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Star Trek – For the World is Hollow and I Have Touched the Sky (Review)

This July and August, we’re celebrating the release of Star Trek Beyond by taking a look back at the third season of the original Star Trek. Check back every Monday, Wednesday and Friday for the latest update.

Well, at least it has a great title.

For the World is Hollow and I Have Touched the Sky is one of the great Star Trek titles, at once lyrical and pretension, poetic and absurd. It is a turn of phrase that nobody would ever use in conversation, but which so beautifully evokes the science-fiction concept that drives the episode. It is certainly a lot more memorable and compelling than the stock “The [noun]” naming convention employed all too readily in television production. (The Changeling, The EmpathThe SurvivorThe Battle, The Enemy, The Forsaken. And so on.)

Shockingly bad.

Shockingly bad.

Indeed, For the World is Hollow and I Have Touched the Sky seems to be the gold-standard of Star Trek naming. Earlier episodes like The Conscience of the King or Dagger of the Mind had quoted from Shakespeare, while Is There in Truth No Beauty? alluded to the work of Keats. However, it seemed like every subsequent Star Trek title would stand in the shadow of this third season instalment. Star Trek: Deep Space Nine would make a valiant effort with titles like … Nor the Battle to the Strong or Let He Who Is Without Sin…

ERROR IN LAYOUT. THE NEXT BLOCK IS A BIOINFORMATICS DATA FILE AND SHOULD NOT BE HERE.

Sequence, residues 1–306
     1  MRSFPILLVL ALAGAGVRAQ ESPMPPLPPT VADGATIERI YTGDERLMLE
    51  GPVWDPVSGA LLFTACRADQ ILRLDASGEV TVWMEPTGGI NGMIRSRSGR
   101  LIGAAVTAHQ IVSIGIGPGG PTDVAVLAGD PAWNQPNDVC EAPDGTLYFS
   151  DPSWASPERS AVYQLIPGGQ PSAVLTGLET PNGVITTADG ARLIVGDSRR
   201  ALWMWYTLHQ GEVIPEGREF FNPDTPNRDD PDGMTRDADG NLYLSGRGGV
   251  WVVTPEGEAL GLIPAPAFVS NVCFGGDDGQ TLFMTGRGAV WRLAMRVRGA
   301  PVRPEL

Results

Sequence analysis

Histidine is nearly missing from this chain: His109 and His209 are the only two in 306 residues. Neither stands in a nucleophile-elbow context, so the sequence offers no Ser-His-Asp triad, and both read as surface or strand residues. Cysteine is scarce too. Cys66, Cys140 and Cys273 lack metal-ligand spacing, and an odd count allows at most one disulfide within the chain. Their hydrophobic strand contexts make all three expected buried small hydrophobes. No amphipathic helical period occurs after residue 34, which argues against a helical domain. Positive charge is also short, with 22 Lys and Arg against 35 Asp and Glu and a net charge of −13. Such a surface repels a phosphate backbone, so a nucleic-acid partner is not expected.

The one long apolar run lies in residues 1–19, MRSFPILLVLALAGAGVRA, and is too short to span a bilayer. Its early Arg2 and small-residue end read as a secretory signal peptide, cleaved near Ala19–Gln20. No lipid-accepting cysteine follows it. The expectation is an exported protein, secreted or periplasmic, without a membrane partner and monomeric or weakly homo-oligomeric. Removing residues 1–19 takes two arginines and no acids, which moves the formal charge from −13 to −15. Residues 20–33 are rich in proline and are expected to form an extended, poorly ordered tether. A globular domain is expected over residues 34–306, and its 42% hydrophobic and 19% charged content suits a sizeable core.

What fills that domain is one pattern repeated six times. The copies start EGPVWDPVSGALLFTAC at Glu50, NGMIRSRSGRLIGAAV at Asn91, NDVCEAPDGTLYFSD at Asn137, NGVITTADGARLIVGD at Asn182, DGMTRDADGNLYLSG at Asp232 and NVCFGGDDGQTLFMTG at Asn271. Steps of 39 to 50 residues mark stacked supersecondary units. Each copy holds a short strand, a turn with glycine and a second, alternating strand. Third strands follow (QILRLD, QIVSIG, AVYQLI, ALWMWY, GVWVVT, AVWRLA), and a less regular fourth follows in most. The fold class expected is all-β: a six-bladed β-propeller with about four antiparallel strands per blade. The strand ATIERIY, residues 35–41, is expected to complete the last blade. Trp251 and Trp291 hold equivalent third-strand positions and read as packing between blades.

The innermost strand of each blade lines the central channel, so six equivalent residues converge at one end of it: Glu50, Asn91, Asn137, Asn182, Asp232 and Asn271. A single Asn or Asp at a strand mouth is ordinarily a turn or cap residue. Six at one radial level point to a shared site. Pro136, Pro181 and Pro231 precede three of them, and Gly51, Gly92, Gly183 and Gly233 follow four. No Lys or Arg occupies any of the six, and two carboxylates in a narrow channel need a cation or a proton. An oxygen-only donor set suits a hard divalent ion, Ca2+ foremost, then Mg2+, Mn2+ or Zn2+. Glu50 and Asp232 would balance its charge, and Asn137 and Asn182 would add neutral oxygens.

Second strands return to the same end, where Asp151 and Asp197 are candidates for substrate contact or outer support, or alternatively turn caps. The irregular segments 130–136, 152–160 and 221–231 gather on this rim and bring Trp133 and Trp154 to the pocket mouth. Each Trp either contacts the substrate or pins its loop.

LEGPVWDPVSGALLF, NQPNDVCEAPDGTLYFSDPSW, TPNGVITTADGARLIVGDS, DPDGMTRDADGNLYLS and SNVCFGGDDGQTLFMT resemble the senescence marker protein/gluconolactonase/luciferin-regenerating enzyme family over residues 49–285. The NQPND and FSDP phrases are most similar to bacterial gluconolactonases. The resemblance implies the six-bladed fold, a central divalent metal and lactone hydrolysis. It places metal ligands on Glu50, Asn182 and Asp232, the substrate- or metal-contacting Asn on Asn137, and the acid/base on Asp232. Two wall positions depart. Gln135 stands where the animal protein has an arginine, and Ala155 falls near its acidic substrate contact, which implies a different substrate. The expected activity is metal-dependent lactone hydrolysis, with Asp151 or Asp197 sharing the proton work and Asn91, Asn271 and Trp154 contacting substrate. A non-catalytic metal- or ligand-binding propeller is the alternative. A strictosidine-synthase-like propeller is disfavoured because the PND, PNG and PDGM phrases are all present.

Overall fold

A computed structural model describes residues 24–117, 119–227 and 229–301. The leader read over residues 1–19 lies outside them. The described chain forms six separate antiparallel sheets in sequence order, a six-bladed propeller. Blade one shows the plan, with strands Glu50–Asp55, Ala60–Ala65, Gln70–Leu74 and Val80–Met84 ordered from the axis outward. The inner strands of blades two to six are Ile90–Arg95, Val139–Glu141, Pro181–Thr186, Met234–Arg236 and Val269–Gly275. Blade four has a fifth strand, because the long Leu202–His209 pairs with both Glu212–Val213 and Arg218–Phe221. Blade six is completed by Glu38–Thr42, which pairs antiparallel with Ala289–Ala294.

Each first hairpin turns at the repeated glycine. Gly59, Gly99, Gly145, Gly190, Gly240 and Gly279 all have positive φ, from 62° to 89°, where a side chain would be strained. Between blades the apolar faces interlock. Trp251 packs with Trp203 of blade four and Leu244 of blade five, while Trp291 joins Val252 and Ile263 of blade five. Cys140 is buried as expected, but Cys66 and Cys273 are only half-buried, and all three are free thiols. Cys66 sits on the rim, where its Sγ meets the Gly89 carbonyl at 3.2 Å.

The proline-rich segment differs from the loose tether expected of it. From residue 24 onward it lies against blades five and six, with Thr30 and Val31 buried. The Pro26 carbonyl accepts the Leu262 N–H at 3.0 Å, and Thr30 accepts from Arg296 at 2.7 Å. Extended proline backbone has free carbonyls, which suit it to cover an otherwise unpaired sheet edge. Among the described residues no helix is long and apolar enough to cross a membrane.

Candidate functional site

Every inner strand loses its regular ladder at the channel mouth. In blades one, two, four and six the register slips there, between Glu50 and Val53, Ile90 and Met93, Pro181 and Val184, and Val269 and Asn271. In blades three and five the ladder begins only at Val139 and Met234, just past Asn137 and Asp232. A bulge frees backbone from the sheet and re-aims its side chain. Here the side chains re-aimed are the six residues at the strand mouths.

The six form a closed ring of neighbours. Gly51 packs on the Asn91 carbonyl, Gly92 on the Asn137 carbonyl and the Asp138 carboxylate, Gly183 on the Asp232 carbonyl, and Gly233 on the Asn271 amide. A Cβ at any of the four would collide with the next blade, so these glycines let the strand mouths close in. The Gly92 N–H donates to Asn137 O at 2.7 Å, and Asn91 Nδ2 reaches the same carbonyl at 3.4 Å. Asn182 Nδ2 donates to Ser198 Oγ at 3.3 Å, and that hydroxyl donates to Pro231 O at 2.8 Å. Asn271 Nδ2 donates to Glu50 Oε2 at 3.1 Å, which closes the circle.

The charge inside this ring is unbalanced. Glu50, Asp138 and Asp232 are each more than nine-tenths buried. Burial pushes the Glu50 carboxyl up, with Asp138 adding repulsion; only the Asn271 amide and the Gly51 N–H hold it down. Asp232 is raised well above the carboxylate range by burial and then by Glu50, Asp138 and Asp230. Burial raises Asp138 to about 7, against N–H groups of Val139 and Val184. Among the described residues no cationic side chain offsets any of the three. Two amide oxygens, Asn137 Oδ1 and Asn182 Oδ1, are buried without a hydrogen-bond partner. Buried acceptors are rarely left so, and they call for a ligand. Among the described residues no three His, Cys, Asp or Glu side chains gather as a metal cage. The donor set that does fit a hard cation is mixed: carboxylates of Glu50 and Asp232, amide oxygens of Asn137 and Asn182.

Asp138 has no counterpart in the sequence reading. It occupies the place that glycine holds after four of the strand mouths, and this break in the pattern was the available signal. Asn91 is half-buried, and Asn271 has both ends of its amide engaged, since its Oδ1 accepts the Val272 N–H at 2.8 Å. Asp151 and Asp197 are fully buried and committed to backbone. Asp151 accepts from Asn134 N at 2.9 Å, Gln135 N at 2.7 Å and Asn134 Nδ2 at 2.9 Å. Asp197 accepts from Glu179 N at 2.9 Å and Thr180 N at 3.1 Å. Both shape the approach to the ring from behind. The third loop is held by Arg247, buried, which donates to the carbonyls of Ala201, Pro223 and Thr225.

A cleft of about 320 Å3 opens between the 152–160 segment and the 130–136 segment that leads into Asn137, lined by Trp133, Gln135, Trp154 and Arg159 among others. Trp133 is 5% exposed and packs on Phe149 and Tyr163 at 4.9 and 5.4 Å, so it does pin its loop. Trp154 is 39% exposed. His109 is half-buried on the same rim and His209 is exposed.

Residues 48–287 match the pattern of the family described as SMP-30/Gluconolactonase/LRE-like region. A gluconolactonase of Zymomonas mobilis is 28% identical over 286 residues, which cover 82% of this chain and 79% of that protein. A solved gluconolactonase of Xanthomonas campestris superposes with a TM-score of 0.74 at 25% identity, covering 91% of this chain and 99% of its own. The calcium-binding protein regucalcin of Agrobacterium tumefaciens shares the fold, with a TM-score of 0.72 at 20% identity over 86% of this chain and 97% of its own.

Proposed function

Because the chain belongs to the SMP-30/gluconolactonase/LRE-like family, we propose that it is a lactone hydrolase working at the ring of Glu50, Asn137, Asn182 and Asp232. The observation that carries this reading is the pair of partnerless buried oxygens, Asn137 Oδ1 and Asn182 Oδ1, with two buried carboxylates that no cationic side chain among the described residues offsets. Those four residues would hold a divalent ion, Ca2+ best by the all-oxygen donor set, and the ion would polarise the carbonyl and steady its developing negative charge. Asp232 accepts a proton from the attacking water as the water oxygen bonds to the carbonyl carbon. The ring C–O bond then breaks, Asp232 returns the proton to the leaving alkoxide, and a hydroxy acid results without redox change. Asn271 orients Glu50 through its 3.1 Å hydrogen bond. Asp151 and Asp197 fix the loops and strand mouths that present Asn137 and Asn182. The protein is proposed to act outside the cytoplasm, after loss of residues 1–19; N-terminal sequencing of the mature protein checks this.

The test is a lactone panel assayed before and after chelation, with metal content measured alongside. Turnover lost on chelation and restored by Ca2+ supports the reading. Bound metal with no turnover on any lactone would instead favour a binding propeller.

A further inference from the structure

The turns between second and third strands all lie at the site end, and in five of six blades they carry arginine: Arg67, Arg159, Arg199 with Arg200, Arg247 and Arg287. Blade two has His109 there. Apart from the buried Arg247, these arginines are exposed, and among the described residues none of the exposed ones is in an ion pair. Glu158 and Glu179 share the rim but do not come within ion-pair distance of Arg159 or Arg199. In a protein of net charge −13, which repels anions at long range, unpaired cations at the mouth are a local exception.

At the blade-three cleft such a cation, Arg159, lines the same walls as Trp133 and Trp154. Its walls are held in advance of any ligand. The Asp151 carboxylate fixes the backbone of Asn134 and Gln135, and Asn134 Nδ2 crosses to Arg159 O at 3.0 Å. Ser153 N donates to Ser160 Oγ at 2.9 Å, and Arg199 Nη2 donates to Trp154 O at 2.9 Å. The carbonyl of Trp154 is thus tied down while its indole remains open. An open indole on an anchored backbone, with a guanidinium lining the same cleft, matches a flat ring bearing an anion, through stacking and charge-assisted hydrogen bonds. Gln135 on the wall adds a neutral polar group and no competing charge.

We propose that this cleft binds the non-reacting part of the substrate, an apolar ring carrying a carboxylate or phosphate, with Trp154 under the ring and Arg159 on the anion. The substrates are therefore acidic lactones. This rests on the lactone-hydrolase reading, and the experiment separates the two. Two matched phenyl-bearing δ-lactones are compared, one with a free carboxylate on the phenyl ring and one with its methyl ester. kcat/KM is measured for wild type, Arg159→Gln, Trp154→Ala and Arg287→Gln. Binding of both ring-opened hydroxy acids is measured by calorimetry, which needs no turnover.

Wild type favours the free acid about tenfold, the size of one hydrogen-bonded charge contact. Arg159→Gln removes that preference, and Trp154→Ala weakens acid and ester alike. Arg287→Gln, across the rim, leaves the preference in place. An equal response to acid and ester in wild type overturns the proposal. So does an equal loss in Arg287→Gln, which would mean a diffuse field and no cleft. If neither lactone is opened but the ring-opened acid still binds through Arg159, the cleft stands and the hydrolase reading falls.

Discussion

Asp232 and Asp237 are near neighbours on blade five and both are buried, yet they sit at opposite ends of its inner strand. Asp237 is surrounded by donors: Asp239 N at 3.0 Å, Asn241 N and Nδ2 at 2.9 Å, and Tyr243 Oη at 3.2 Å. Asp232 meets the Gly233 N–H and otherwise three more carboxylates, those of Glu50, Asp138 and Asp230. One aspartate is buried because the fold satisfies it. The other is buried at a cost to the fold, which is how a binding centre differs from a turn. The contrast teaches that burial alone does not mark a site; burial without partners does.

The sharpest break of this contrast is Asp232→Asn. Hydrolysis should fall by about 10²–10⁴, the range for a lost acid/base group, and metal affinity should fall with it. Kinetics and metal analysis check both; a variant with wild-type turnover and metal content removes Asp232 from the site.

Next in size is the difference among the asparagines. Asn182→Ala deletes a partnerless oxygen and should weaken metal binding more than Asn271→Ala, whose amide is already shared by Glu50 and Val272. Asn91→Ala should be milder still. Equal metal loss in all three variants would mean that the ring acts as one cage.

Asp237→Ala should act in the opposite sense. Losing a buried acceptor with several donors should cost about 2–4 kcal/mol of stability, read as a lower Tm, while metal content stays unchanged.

Unfortunately, the title is very much best thing about For the World is Hollow and I Have Touched the Sky. Outside of that, the episode is a rather generic and conventional stew of old Star Trek standards thrown together with a bunch of half-hearted soap opera clichés. It is all rather hollow.

"I will love you forever. Or until the end of the episode. Whichever is sooner."

“I will love you forever. Or until the end of the episode. Whichever is sooner.”

In many ways, For the World is Hollow and I Have Touched the Sky belongs to the rich tradition of Star Trek stories about Kirk saving a primitive and superstitious people from the whims of a malfunctioning and psychotic computer. It was a template that worked reasonably well with The Return of the Archons, but already felt tired by the time that The Apple put David Soul in orange body paint. Couple with stories about Kirk saving primitive societies from Klingon interference in Friday’s Child and A Private Little War, it all becomes a bit much.

In many ways, Star Trek represents an extension of liberal sixties American culture into the future, drawing on a rich variety of influences from classic westerns to seafaring adventure to John F. Kennedy’s “new frontier.” In many ways, Kirk and his crew represent the values and ideals of sixties America, which renders stories like this deeply problematic in the context of the Cold War and the Vietnam War. For all that the popular narrative of Star Trek insists that the show is pacifist and utopian, episodes like The Omega Glory were pointedly pro-Vietnam.